PARIS—So far, the women’s event at Roland Garros has been about markers, and which contender can put the most impressive one down before they all collide in the second week. Garbiñe Muguruza beat a Grand Slam champion, Sam Stosur, 6-0, 6-2. Maria Sharapova beat the No. 6 seed, Karolina Pliskova, 6-2, 6-1. Sloane Stephens stopped an up-and-comer, Anett Kontaveit, in her tracks, 6-2, 6-0. Madison Keys hasn’t lost a set yet. Serena Williams? She set her own kind of standard with her Wakanda catsuit.
The one woman who hadn’t made many waves with her play so far was the top seed, Simona Halep. She had survived a slow start in her first round, and spent her third match toiling in the overcrowded, newfangled boondocks known as Court 18, a place where few No. 1 players will likely ever be exiled again. On Monday, though, it appeared that Halep would face a test from Elise Mertens. The 22-year-old Belgian had been one of the stories of the spring, winning two titles and cracking the Top 20. At 5’9”, it seemed that Mertens might have the height and power to press the action against Halep, something the Romanian can struggle to counter.
Through the first three games, Mertens was up for the challenge. She traded forehands, backhands, and drop shots, and owned the more potent serve. But instead of intimidating Halep, or making her bang her strings, throw her arms in the air, and rush from point to point in frustration—as she often does—Mertens’ good tennis only inspired better tennis from Halep.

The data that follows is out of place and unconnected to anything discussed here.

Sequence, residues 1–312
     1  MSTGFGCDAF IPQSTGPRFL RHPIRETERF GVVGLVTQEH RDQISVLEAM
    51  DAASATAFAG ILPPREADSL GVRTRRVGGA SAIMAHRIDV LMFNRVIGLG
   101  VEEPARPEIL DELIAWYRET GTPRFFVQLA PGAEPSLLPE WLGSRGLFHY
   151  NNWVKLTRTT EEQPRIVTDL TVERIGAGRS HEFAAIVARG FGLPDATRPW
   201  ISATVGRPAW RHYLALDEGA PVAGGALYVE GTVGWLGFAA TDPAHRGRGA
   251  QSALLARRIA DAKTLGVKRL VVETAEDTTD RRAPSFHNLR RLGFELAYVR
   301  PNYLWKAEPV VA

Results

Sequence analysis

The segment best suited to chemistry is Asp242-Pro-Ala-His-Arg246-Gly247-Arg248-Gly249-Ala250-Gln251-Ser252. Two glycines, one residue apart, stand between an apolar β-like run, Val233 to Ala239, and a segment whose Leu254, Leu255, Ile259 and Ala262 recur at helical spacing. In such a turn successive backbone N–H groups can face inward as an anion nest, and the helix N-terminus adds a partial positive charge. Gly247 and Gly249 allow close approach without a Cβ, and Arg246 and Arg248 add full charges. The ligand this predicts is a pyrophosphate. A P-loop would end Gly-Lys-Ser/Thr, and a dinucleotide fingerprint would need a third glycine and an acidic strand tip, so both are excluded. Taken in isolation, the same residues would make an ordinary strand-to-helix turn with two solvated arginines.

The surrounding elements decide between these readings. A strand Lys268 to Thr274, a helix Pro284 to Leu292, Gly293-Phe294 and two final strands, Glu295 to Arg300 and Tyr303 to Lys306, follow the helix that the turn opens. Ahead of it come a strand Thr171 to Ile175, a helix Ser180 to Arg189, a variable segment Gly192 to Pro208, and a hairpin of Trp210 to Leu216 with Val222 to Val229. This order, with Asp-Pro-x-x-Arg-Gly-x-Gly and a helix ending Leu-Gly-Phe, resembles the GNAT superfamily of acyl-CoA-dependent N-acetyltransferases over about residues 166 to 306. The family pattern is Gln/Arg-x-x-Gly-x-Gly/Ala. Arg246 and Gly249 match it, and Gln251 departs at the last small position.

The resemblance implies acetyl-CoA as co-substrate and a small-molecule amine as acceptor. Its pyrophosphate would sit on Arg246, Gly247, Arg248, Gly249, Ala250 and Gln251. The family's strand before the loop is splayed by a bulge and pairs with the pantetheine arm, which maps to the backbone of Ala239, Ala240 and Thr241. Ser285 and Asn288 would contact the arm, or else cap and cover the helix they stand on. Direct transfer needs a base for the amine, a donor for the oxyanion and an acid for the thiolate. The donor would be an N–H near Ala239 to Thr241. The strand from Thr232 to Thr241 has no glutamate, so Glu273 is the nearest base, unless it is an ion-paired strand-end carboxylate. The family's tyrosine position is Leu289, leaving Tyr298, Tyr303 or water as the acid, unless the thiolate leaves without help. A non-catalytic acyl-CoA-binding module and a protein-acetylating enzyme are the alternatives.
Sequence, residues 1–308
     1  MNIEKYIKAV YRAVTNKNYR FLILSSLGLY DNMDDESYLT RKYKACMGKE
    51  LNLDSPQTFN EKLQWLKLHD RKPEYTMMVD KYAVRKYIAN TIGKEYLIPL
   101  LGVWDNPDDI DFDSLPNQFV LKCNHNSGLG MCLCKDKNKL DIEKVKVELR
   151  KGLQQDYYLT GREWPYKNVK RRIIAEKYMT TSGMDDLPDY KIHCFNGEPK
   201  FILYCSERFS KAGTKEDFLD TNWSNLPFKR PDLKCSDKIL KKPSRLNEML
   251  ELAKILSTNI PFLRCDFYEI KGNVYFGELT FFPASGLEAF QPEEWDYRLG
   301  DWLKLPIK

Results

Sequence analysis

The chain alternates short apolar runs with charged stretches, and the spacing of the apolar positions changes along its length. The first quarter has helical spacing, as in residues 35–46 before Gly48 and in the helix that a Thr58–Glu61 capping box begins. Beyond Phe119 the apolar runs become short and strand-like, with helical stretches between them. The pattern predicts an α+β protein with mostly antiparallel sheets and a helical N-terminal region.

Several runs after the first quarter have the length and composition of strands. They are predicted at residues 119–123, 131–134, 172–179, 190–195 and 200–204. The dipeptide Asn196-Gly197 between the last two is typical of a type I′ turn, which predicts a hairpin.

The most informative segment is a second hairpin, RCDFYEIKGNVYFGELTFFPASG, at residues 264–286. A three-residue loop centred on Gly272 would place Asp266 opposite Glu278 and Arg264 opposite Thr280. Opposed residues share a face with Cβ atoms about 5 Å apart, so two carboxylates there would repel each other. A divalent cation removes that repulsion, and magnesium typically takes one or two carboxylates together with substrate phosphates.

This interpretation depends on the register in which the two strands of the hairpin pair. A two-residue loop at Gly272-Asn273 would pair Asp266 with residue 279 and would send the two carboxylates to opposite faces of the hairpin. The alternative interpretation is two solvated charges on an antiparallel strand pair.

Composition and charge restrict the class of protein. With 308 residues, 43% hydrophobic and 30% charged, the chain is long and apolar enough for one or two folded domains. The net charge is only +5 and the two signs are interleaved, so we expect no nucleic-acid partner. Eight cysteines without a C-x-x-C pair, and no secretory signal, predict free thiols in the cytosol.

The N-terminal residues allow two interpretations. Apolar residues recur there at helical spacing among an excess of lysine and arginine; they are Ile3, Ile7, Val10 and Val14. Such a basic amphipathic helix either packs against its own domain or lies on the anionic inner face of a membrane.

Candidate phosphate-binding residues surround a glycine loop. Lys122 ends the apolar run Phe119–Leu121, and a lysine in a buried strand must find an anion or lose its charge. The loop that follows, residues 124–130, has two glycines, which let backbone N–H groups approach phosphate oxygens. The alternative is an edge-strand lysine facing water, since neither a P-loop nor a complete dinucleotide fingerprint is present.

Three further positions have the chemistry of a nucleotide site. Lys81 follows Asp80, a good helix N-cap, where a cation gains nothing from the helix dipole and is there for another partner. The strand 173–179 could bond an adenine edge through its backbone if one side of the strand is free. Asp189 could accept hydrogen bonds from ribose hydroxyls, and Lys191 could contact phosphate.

WATCH—Simona Halep's post-match interview at Roland Garros:
Rather than settling into a defensive posture, Halep, extending through her shots and driving them with depth and flat pace, fought fire with fire from the first ball of each rally, and looked to move forward whenever she could. Her backhand returns and crosscourt groundstrokes were especially precise and penetrating, and her swing volleys were hit with leaping freedom and confidence. Instead of letting Mertens press her, Halep took away Mertens’ time, and used her size against her by moving her from side to side. It’s rare to see Halep so upbeat, so early in a match; she even fist-pumped after winning a point that only got her back to deuce on Mertens’ serve—that’s virtually Rafa-esque in its commitment to positivity. And it worked: Halep broke Mertens—both her serve and her spirit—two points later.
“I think it was a great match, and the way I played gives me confidence that I did everything well until now,” Halep said. “I played [her] in Madrid and I felt that she’s very aggressive. She wants to play fast, so I think today I did the same thing. I was little bit stronger in the important moments.”
“I don’t have that much power,” Halep said, echoing a familiar—and possibly overstated—lament of hers, “but if I play fast I feel like I improve a little bit more in my game, and that’s the plan.”
Mertens could only admit the obvious afterward: She had been given a lesson in top-tier tennis.
“She was very strong today. For me, it was too high a level,” the 16th seed said. “I wanted to be too aggressive, but she was everywhere...But it’s also very good for me, because it highlights what I have to improve on. I know the Top 10 is another level, but I’m almost there at the global level, but not yet.”
Halep, the two-time Roland Garros runner-up, has laid down her marker. If she maintains that level, with that kind of positivity, it will be hard for anyone not named Serena to match it.
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